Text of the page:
Controlling hepatitis B virus transmission in North America. The North American Regional Study Group

Vaccine. 1990 Mar:8 Suppl:S122-8; discussion S134-8. doi: 10.1016/0264-410x(90)90232-b.


In the US in 1988, 54,011 cases of viral hepatitis were reported to the Centers for Disease Control (CDC), 42% of which were categorized as hepatitis B. Because of incomplete reporting and subclinical disease, the CDC estimates that approximately 300,000 acute cases of hepatitis B are occurring in the US each year for an annual estimated incidence of 125 cases per 100,000 population. Since 1985, a gradual decrease in the reported incidence of hepatitis B has been observed which may be attributed partly to the availability of new hepatitis B vaccines. Comprehensive control of hepatitis B infection in North America has, however, been impeded by the diversity and mobility of high-risk groups who often are unaware of their potential to infect other individuals. Surveillance studies have indicated that the modes of transmission of hepatitis B may be changing in the US. A larger proportion of cases are seen in parenteral drug abusers and in active heterosexuals. It is believed that hepatitis B vaccine has been administered to only 7% of the population who are at risk of acquiring hepatitis B virus (HBV). To achieve maximum control, universal immunization of infants will therefore be necessary. A first programme, already inaugurated in the US, involves screening of all pregnant women and providing appropriate prophylaxis to neonates of hepatitis B surface antigen-positive mothers and to susceptible household contacts of these individuals. Along with mandatory guidelines, collaboration between the hepatitis community, vaccine manufacturers, the CDC and appropriate medical, legislative and health care organizations should be fostered to achieve successful control of HBV in North America.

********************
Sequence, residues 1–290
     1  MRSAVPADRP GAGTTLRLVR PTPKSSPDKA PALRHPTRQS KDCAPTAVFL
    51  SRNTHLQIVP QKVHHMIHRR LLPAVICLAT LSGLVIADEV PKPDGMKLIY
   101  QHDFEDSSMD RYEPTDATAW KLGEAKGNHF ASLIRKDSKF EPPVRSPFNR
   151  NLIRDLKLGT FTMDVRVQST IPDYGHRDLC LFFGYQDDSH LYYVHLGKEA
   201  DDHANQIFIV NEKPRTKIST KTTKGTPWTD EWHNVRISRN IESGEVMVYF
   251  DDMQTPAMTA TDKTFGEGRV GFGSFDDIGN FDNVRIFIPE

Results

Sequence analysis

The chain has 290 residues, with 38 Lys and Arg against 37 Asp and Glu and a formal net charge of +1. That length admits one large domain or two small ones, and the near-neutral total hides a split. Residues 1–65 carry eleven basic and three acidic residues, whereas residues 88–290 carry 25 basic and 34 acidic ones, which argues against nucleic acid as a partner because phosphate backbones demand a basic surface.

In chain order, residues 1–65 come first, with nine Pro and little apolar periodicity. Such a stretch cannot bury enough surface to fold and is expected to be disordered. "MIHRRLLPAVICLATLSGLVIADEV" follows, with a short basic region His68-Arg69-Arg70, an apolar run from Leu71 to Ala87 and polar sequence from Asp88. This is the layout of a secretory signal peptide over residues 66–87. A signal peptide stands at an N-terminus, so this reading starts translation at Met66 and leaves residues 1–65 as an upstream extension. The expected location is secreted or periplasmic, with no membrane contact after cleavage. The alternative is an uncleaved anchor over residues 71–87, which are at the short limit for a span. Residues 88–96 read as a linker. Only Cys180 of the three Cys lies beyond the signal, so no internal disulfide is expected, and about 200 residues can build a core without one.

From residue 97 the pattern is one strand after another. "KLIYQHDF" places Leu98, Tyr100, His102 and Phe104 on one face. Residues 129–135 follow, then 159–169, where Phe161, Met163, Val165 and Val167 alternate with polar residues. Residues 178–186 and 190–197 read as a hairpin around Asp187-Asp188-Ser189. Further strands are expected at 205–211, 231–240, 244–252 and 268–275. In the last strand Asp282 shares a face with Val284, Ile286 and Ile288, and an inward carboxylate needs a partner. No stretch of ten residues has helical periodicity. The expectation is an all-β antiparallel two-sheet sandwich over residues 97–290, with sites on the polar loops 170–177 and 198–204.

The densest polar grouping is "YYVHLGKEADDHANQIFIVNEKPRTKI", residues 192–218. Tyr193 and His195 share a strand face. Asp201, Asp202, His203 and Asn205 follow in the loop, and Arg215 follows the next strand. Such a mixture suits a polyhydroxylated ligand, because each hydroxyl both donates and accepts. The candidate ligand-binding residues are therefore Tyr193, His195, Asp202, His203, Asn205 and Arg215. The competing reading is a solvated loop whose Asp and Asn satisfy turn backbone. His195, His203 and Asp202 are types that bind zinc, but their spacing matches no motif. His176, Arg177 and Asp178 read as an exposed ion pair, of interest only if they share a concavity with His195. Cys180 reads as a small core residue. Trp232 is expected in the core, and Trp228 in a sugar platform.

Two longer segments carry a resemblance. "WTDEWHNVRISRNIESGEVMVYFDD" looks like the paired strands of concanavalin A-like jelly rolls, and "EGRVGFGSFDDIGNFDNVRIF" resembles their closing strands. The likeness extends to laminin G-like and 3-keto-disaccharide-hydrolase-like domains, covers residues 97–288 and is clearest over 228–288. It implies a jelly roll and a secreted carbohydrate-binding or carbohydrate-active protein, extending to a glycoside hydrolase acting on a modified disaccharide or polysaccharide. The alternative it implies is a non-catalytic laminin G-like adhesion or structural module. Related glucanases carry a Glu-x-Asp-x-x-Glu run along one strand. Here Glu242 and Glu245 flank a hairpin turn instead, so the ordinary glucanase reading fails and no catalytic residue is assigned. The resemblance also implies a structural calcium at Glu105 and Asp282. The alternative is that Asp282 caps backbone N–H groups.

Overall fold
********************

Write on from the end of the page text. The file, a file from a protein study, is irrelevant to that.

MeSH terms

  • Adolescent
  • Adult
  • Child
  • Female
  • Hepatitis B / epidemiology*
  • Hepatitis B / prevention & control*
  • Hepatitis B Vaccines
  • Humans
  • Infant, Newborn
  • Male
  • North America / epidemiology
  • Pregnancy
  • Risk Factors
  • Viral Hepatitis Vaccines


  • Hepatitis B Vaccines
  • Viral Hepatitis Vaccines